Although fully addressing the financial hardship of patients with cancer requires a complex, multifaceted approach, even small changes may ease these burdens and improve patient outcomes.
The financial burden of cancer care can decrease patient quality of life in numerous ways. Patients with cancer face not only high out-of-pocket costs, debt, and decreased income but also psychological distress, and treatment delays or even discontinuation.1 Physicians are uniquely positioned to help patients under-stand the financial ramifications of treatment.
Nevertheless, it has been difficult to establish validated measures to describe, quantify, and qualify the prevalence of financial distress associated with cancer care across all levels of care.2 Assessments from the National Cancer Institute’s Community Oncology Research Program (NCORP) and the National Comprehensive Cancer Network (NCCN) have demonstrated that despite nearly 75% of NCCN care centers nationwide having methodologies in place to assess financial toxicity, effective management protocols are not yet in place.3,4
Seventy-two percent of 221 NCORP centers have instituted a financial screening process, but only 50% of them have a cancer financial navigator on staff.4 Despite such high rates of screening, the most commonly used method for assessing financial hardship at NCORP centers was intake forms (68%), which investigators noted might highlight only insurance-related burdens.3
The results of a recent survey of patients with cancer who received treatment at ambulatory infusion centers (Mayo Clinic in Phoenix, Arizona, and Mississippi Medical Center, in Jackson) showed that 48% to 68% of them reported a financial hardship.5
The authors found that financial literacy may be integral to reducing adverse outcomes and that interventional programs are needed to increase financial literacy among patients with cancer.
“Patient-reported financial hardship from cancer treatment is a growing challenge,” Khera et al wrote in the study.5 “The field of financial hardship is now shifting toward interventions. Understanding the association between health insurance literacy and financial hardship and how financial literacy may change this association is important because these factors are potentially modifiable.”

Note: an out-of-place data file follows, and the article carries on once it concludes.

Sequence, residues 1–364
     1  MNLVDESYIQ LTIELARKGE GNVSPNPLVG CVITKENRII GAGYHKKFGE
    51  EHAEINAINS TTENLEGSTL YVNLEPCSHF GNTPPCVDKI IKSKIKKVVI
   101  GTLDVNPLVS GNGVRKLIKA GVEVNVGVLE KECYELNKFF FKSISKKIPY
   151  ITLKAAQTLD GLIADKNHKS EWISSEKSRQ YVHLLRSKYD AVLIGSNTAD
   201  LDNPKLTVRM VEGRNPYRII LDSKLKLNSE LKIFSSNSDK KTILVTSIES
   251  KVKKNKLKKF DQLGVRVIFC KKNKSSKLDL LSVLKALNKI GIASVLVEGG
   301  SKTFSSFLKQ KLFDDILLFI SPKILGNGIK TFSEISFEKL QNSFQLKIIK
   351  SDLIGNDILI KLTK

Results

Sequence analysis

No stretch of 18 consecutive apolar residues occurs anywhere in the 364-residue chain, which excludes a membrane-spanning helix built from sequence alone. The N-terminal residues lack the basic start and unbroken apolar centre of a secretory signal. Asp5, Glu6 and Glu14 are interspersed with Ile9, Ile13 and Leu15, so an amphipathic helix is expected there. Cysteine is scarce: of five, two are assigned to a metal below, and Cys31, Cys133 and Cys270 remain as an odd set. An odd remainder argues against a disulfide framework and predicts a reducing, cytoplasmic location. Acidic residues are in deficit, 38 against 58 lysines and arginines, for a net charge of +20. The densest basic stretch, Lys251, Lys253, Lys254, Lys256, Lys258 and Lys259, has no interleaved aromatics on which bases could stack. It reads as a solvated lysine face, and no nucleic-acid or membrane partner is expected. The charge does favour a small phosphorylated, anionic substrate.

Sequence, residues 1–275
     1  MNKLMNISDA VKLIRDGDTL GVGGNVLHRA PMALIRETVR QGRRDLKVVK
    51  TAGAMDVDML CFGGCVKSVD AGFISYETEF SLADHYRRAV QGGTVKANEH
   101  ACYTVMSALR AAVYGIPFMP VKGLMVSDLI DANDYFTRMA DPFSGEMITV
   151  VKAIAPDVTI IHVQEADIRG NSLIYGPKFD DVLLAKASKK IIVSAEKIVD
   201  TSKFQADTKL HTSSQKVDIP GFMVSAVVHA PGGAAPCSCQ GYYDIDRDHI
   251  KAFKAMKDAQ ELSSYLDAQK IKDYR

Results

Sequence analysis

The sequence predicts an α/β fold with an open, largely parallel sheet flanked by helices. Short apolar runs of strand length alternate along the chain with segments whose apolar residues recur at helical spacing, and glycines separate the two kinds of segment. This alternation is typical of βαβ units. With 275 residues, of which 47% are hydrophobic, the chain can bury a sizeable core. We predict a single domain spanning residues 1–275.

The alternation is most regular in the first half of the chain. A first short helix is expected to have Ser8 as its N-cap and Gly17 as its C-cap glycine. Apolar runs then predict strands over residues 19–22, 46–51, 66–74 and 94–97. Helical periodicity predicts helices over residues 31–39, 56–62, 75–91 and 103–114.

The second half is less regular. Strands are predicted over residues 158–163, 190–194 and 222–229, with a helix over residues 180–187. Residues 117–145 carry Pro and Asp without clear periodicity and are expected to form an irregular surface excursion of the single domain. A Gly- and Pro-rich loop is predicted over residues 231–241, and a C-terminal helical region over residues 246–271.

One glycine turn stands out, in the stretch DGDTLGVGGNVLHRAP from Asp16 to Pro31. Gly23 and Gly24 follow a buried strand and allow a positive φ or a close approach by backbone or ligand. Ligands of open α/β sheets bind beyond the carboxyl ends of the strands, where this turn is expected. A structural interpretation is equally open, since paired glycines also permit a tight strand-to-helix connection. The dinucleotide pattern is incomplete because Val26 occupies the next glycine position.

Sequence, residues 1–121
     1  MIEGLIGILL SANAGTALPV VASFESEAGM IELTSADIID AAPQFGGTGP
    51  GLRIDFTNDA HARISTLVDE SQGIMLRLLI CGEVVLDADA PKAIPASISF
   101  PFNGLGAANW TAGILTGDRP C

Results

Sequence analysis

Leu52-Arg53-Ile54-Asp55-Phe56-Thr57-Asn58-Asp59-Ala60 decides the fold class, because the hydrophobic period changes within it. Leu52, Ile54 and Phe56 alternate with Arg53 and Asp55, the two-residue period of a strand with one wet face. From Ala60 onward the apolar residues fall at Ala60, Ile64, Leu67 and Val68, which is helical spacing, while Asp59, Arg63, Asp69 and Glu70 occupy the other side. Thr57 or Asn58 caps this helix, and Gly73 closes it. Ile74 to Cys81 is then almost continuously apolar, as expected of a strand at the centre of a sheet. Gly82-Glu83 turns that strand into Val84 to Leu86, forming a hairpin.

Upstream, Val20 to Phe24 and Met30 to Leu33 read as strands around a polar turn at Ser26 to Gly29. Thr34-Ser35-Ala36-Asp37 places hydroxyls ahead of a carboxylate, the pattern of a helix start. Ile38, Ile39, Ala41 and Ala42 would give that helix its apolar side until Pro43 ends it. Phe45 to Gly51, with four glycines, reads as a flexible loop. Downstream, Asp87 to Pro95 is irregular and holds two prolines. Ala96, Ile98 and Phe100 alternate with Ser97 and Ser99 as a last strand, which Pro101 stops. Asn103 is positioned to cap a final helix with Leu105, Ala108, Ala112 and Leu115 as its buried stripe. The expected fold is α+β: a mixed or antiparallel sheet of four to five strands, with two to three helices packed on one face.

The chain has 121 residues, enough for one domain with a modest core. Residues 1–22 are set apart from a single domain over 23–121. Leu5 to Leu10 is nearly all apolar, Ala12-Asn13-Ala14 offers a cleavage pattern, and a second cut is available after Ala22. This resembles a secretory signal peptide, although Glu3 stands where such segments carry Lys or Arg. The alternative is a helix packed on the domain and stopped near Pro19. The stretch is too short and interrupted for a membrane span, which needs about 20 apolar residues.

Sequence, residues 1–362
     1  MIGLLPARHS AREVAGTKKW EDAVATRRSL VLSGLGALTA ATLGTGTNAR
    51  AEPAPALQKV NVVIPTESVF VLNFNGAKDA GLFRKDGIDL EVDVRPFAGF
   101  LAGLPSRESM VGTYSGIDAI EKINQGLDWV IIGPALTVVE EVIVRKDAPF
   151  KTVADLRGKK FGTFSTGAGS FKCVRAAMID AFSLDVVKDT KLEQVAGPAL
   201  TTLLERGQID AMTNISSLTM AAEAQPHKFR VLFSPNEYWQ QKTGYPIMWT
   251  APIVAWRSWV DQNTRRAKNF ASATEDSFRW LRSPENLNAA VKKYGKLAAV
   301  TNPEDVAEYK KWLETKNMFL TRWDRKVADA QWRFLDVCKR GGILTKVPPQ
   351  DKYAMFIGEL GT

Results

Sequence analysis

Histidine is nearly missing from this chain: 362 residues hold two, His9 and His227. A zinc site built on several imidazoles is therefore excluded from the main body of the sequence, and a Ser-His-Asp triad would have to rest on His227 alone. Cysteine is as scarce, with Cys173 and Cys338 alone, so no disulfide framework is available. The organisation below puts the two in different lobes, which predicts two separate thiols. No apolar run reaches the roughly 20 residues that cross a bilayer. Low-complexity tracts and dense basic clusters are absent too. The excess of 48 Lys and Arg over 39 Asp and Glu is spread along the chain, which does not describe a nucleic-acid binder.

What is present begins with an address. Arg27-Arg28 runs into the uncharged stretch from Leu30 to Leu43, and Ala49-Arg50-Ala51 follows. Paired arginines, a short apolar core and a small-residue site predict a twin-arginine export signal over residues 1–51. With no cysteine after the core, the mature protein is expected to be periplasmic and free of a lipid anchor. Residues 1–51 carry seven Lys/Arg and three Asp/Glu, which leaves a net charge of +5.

One important tool used to determine financial literacy is the FACIT-COST assessment (Financial Toxicity—Functional Assessment of Chronic Illness Therapy Comprehensive Score), whose scores range from 0 to 44, with lower scores indicating higher burden. It includes responses like the following:
Additional assessment tools include the National Health Interview Survey and the Health Insurance Literacy Measure, which reveal an individual’s ability to evaluate health plan information and select the plan that best suits their circumstances.5
Of the NCCN centers reporting financial assessments, only 56% reported having repeated the assessment. Results from an additional study of NCORP sites showed that patients with metastatic colorectal cancer experienced a “major financial hardship” (defined as major debt, loans, refinancing, or a loss in income of at least 20%) within 3 months of starting treatment.2,3
The NCORP investigators proposed adapting the 5As approach (Ask, Advise, Assess, Assist, and Arrange), which has been successful in smoking cessation programs, to address financial toxicity in the community setting.3 Among the 5As, assess and assist are the most important steps in terms of effective intervention. Financial navigators, nurses, and clinicians can assess whether changing the treatment alleviates the financial burden and reduces nonadherence. Then they can assist by updating and moni-toring outcomes to ensure continued effective care.3
Takeaways from several studies presented at the 2022 Quality Care Symposium of the American Society of Clinical Oncology showed that investigators are researching integrative approaches to address finan-cial hardships.7,8
Investigators at The Ohio State University implemented a study to identify patients with breast, lung, or hematologic malignancies who had financial hardships and to optimize pathways to connect them with appropriate services.7 At 3 clinics—surgical breast oncology, hematology, and thoracic medical oncology—no financial screening systems had been in place previously. The screening asked: “How hard is it for you to pay for the very basics such as food, housing, medical care, and heating?” The responses ranged from “not hard at all” to “very hard” and included the option not to respond. Of the 4732 respondents, 10% choose “somewhat hard,” “hard,” or “very hard.”7